These articles are written to apply to the northeastern corner of Illinois. Problems and timing may not apply outside of this area.
Yard & Garden Calendar for July
July 1, 1999
The arrival of July means we have advanced to the midpoint of summer.
Yard and garden calendar schedules focus on active maintenance for some
plants and a quiet time for others.
Monitor crops to manage insects and disease promptly. For example, leaf diseases, such as early blight or Septoria, may appear on lower leaves of tomatoes. Remove infected leaves and any leaves fallen to the ground. Try to keep moisture off the leaves when watering. Fungicides containing either maneb or mancozeb will help control both diseases. Look at the active ingredient on the product label for either of these fungicides. Read and follow all label directions.
There is still time to plant crops for late summer and fall harvest. Crops include beets, carrots, lettuce, snap beans, spinach, summer squash, and radishes.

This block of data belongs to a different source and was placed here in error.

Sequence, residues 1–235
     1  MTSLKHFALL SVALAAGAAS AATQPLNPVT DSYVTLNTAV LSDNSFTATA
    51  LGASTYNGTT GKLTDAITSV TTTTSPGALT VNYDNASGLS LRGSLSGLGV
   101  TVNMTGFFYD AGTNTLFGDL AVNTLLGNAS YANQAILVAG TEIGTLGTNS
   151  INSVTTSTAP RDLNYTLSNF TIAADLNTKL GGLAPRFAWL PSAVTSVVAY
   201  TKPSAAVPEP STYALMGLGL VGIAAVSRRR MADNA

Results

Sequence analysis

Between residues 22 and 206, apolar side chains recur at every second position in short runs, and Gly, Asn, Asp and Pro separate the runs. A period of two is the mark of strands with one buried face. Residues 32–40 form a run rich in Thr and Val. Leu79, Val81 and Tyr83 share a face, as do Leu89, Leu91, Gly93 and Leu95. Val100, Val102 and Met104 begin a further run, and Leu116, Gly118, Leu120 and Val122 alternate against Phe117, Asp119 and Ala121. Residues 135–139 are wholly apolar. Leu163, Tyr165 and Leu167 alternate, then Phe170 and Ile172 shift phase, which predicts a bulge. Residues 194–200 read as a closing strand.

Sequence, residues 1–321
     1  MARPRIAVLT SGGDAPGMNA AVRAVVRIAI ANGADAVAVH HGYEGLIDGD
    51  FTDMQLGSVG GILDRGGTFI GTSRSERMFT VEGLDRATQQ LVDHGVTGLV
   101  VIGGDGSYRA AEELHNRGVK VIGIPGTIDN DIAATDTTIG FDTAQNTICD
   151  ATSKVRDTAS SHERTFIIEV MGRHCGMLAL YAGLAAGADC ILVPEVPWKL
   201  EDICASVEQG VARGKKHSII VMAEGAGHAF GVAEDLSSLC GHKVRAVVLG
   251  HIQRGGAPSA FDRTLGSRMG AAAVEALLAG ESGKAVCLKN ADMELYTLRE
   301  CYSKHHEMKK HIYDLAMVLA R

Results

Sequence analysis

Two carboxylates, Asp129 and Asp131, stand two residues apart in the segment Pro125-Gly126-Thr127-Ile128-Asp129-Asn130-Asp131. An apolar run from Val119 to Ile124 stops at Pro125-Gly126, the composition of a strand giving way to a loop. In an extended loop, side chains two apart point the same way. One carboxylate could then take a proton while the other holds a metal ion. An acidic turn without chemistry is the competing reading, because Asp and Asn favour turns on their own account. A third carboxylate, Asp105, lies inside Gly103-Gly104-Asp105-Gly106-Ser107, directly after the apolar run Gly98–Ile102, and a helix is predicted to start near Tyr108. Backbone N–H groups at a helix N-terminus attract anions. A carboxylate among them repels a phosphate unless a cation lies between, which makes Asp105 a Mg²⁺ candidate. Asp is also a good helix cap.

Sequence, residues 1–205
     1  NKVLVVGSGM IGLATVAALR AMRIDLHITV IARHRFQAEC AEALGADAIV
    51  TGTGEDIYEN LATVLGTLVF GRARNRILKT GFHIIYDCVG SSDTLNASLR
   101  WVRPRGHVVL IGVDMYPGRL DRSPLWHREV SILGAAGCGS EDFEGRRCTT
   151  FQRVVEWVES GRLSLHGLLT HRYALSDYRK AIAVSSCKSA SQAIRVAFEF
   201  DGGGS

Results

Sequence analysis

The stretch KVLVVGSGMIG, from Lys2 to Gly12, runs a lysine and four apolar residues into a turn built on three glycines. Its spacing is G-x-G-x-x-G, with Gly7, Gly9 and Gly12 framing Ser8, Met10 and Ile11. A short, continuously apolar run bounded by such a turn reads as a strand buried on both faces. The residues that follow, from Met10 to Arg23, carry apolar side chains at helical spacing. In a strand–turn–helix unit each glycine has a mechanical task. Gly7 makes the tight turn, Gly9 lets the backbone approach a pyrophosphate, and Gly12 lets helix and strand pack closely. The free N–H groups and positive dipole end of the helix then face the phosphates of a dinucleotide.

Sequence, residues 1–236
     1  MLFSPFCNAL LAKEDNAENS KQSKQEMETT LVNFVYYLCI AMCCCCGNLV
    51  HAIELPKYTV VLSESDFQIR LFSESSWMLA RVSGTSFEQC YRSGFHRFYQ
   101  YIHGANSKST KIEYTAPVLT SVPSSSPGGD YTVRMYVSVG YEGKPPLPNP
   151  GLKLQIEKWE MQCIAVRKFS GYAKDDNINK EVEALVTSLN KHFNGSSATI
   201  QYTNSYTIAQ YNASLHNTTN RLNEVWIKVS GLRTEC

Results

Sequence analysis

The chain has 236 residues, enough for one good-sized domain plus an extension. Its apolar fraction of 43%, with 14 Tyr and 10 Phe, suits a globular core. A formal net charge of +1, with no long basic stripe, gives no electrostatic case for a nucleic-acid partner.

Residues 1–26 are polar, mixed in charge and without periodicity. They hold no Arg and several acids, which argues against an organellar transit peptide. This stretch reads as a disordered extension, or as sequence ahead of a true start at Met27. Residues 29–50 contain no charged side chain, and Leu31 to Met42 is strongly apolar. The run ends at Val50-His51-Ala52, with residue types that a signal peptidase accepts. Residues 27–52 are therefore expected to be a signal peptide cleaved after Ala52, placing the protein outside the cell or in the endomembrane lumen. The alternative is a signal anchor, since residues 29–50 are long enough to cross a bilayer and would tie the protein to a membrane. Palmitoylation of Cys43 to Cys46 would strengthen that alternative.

Keep flower gardens productive by some regular maintenance. As flowers begin to fade, cut them off so plants keep producing more. Water flower beds during dry weather.
Crabgrass is also now becoming apparent as rapidly growing patches of light green, weedy-looking grass in lawns. Once established, control is difficult. If plant numbers are low, pull them out by hand. Postemergence crabgrass herbicides work best on very small plants, so it may be too late for them to be effective. Crabgrass is an annual that dies off in early fall.
As discussed last week, basic lawn care for July would be mow high and water as needed. Fertilizing, renovation, weed control, and related practices should be delayed until late August or early September.
As we advance into July, shade trees and shrubs are actually going to begin the process of dormancy, even though they remain green. Avoid stimulating new growth, so July is not a good time for pruning and fertilizing practices.